Tuesday, December 29, 2009

ASU or Avocado Soybean Unsaponifiables

If you are from the Southeast ASU likely made you think Appalachian or Arizona State University, but instead it is a type of supplement that I read about today. It MAY be showing some benefit in research studies with regard to osteoarthritis, or OA.

I read a few pages of material today that was presented at a recent American College of Rheumatology Conference. The information that I read was titled Advances in Osteoarthritis Management and it included scientific reports regarding studies in preventing progression or reversing the condition, as well as pain management for it. The basis for the report are conclusions from several clinical studies and the rigorousness of the research was noted as to give sway or pause to the findings.

Just a few points to note from this review:

At this time no treatment, medicinal or otherwise, has been found to reverse the condition which is the most common cause of disability in this country. OA is loss of cartilage in joints and usually effects knees, hips or the spine. There is promising research in regards to preventing further deterioration but more work needs to be done to prove efficacy and safety of the compounds involved. It IS true that ASU has been found to be helpful, however, when I looked up the term I saw an ad that boasted it as the only thing proven effective or some such false statement. ASU stands for Avocado Soybean Unsaponfiable. (an unsaponfiable is a substance, an oily substance, that will not turn to soap when mixed with lye) At this time NO supplement, not even glucosamine is recommended by experts.

It is true that OA is often associated with being overweight, but injury and imbalances can also cause the wear and tear. In regards to treatment of the condition, some additional good points were made.

OA is a debilitating and limiting condition because it is painful. Expert Louis Kuritzky was interviewed by Medscape and he suggests that clinicians first make an assessment of the patients level of pain. OA is different from rheumatoid arthritis and perhaps gets less respect because of the differences, but there is no blood test or scan that will tell how much pain a person is in. Several questionnaires do exist to elicit the information.

The next step according Dr. Kuritzsky is to convince the person that losing weight and participating in physical therapy WILL have a real benefit. He introduced the term proprioception which is a little hard to explain, but it has to do with how our musculoskeletal receptors respond to stimuli or cues in our environments. For instance, we may have this way of sensing that we are walking up an incline and the body automatically adjusts for that so we keep our balance. In patients with OA, proprioception is impaired, but physical therapy and weight loss can have a positive effect on that. So it doesn't lesson the cartilage loss but it DOES improve ones ability to function and thus their quality of life.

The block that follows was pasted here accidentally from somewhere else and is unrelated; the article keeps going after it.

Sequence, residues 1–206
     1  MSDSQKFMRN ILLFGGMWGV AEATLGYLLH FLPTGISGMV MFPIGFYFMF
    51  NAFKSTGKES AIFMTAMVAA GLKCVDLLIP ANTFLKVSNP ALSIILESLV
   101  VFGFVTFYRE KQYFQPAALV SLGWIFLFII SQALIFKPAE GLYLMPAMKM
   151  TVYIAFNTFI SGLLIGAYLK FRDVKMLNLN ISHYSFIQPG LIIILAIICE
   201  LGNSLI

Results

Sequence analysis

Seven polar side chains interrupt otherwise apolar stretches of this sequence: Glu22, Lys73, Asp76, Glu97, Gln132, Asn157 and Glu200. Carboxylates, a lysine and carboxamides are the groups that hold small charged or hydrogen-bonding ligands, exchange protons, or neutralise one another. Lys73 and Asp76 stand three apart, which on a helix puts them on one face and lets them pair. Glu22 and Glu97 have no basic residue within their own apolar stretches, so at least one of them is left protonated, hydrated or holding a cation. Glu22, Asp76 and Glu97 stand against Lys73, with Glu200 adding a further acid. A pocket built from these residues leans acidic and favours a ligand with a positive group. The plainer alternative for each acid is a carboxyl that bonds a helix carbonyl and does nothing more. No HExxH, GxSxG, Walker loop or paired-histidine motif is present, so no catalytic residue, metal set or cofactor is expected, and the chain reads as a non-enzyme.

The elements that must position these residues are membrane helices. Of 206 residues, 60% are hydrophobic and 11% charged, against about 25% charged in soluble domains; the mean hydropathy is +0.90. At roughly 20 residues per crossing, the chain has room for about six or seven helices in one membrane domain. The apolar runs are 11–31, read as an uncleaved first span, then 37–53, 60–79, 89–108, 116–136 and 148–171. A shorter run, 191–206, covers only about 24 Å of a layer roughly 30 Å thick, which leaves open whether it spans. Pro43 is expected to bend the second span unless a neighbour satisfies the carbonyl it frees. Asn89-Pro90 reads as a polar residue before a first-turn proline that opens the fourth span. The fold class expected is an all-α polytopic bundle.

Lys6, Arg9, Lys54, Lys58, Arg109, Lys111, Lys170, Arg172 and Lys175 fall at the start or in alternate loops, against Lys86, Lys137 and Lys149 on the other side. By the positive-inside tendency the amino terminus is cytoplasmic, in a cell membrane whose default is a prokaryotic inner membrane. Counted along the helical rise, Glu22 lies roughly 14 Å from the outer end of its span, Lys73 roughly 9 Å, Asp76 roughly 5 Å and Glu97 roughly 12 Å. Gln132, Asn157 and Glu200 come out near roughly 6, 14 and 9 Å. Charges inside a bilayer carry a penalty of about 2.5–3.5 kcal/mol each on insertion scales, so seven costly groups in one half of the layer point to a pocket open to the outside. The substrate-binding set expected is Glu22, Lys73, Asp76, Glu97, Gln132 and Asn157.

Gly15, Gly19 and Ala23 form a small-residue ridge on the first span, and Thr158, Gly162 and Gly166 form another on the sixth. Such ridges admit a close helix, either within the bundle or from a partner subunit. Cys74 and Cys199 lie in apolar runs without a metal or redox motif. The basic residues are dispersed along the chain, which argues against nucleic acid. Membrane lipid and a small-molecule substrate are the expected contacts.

Dr. Kuritzky also notes that exercise is important for everyone and that it is especially true here EVEN when use of the joint causes some pain. He worries because we have a growing number of persons with diabetes, hypertension and obesity and physical activity IS a treatment for those conditions. It can reverse them. Often, the patient with osteoarthritis is also suffering another chronic disease and the less active they become the worse all disease outcomes will be.

Medications were also discussed. Most importantly, the clinician should begin with the lowest dose of the least toxic drug and work his way up until the pain is managed. Tylenol can be used as can ibuprofen. Even Cox - 2 NSAIDs and opioids are options, but a clinical decision has to be made with that patients specific needs, history and environment in mind.

I did learn that a topical form of NSAID has been found to be effective in clinical studies, though intuitively it would seem to be less toxic (gi bleeds) than an oral NSAID, that is still under study. The ingredient to look for in a topical, and I do not know if OTC meds are available, is diclofenic sodium at 1%.

Other medicinal therapies for pain management are being created and studied, including medicines that interrupt neurotransmitter uptake in the brain, specifically serotonin and norepinephrine.

I found the material to be quite enlightening and so shared it with you today. Take home messages are that wear and tear may occur in every one's body over time, but the extent is not the same with everyone. Some things that can make it worse are being overweight, being inactive, having had joint injuries and, being out of alignment. Other risk factors include genetics and sex (female).

You do have control over your weight and activity level, even if you have limitations. You may also be able to avoid some sports injuries or accidents, or at the least follow physical therapy recommendations when healing from them, and some imbalances can be corrected by orthotics or therapeutic procedures.


MaxWater said...
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MaxWater said...

Hi, thanks for the useful info on ASU. It's new to me and I'll be checking on it soon.

Just a note about diclofenac sodium. Though topical NSAIDs may seem to be safer than oral ones, note that the FDA recently added a new warning to products containing diclofenac sodium after cases of liver damage were reported. (Check out http://trusted.md/blog/wpho/2009/12/11/topical_nsaid_may_cause_liver_damage).

Deirdre Dingman, MPH, CTTS, CHES, PAPHS said...

thanks for your post! I had read about improper marketing of some topical ibuprofen products but not a specific side effect, though you are absolutely correct, the same types of problems are possible with topical as oral...